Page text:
System76 is getting ready to unleash the first Beta release of their upcoming Pop!_OS Linux distribution, which should be available to download next week based on the Ubuntu 17.10 Final Beta. It appears that System76's development team recently dropped focus on the Pop!_OS Installer, which they develop in collaboration with the elementary OS team, to concentrate on fixing critical bugs and add the final touches to the Beta release. They still need to add some patches to fix backlight brightness issues on Nvidia GPUs. Read more

Server: Red Hat, Security, Samba, Docker, Microsoft Canonical and MongoDB

PocketBeagle and Android

Desktop: AKiTiO Node, Ubuntu Podcast, Vivaldi, Chromium and HUION PenTablet

  • AKiTiO Node: Testing NVIDIA eGPU Support in Ubuntu 17.10
    Ever since the announcement of Intel’s Thunderbolt 3 technology there has been external graphics card (eGPU) support. Unfortunately for most of last year, including with Intel’s own Skull Canyon NUC, putting this solution to use was challenging at best. Most motherboards didn’t fully support the technology and those that did typically required a system that was far more expensive. For example, the Skull Canyon NUC at release was $700, unconfigured. Adding SSDs and RAM usually bumped that up well over $1000.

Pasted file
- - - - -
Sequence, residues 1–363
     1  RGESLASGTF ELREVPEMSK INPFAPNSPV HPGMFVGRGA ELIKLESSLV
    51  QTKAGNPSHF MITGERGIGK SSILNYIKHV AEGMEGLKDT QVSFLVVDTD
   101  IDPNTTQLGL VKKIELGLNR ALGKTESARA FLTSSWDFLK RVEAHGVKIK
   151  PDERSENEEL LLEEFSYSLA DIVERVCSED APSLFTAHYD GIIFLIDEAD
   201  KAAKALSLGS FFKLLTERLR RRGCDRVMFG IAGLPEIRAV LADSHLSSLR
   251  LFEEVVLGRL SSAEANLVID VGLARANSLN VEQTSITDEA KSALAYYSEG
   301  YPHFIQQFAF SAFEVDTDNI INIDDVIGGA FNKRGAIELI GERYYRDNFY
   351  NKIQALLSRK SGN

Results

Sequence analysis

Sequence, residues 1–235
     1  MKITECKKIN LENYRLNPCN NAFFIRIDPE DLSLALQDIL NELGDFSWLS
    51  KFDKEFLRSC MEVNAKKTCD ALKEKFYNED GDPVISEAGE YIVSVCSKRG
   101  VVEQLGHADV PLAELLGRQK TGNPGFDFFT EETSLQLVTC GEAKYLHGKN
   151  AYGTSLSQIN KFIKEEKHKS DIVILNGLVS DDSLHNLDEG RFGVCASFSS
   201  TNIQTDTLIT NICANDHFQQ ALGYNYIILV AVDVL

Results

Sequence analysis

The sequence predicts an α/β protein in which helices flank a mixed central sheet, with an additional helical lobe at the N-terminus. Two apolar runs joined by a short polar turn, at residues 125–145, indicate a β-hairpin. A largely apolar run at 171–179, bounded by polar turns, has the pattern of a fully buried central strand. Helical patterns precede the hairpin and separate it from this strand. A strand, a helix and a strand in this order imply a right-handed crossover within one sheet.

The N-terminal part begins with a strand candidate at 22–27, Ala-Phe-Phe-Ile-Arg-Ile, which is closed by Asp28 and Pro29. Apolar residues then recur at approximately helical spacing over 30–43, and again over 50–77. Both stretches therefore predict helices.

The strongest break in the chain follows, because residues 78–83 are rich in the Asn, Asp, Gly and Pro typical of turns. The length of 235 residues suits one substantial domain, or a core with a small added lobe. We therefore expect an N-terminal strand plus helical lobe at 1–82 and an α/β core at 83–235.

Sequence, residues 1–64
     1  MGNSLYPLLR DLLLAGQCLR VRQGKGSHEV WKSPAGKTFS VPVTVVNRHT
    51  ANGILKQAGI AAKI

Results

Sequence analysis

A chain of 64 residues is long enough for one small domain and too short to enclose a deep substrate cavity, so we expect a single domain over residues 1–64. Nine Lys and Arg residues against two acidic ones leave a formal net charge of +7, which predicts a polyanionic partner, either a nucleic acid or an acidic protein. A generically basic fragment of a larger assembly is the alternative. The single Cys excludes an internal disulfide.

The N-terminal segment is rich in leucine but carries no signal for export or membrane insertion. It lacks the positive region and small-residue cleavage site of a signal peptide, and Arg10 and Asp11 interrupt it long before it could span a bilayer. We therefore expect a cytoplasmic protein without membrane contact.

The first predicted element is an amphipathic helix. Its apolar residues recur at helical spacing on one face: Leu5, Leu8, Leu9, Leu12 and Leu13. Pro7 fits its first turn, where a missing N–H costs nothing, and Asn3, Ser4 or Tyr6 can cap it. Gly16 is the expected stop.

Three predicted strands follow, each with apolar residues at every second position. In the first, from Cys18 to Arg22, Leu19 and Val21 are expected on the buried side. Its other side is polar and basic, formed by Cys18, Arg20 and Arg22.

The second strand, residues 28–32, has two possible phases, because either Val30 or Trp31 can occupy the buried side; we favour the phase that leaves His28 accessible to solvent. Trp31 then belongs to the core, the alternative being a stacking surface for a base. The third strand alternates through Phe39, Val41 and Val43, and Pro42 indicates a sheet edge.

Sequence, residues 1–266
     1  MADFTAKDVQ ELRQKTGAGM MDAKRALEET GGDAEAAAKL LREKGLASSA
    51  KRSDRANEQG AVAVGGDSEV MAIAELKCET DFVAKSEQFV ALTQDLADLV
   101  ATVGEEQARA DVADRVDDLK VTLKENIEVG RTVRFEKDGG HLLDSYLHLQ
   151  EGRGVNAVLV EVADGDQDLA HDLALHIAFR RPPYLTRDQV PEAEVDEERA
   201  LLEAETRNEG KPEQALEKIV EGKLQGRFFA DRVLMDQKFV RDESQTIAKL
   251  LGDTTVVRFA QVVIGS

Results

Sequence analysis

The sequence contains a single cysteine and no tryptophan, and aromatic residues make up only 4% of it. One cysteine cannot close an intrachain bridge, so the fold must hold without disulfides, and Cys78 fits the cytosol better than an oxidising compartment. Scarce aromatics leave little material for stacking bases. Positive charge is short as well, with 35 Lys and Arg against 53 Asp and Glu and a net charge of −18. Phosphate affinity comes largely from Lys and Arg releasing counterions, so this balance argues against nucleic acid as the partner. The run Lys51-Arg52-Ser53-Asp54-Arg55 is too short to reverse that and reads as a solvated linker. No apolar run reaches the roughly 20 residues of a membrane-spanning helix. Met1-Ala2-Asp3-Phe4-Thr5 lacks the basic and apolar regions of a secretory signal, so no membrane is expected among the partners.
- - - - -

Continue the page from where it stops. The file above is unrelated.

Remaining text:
• Ubuntu Podcast from the UK LoCo: S10E29 – Adamant Terrible Hammer
    It’s Season Ten Episode Twenty-Nine of the Ubuntu Podcast! Alan Pope, Martin Wimpress, Marius Quabeck, Max Kristen, Rudy and Tiago Carrondo are connected and speaking to your brain.
  • Vivaldi 1.12 Web Browser Debuts with Highly Requested Features, Improvements
    Vivaldi, the Chromium-based web browser designed with the power user in mind, has been recently updated to version 1.12, a release that introduces highly requested features and a whole lot of under-the-hood improvements. There are three big new features implemented in Vivaldi 1.12. The first is a built-in Image Properties feature that works when you right-click on an image on the Web, showing you a bunch of useful information, such as camera model, depth of field, ISO sensitivity, focal length, exposure, histogram, time and date, and white balance.
  • Chromium Will Soon Let You Browse the Web in VR with a Daydream View Headset
    Chromium evangelist François Beaufort posted today on his Google+ profile information regarding the VR (Virtual Reality) capabilities of the open-source web browser, which is the base of Chrome OS and Google Chrome. It would appear that the Chromium team is working on a set of new virtual reality features for the web browser, which means that more VR goodies are coming to popular Chromium-based web browsers like Opera, Vivaldi, and Google Chrome.
  • libinput and the HUION PenTablet devices
    HUION PenTablet devices are graphics tablet devices aimed at artists. These tablets tend to aim for the lower end of the market, driver support is often somewhere between meh and disappointing. The DIGImend project used to take care of them, but with that out of the picture, the bugs bubble up to userspace more often.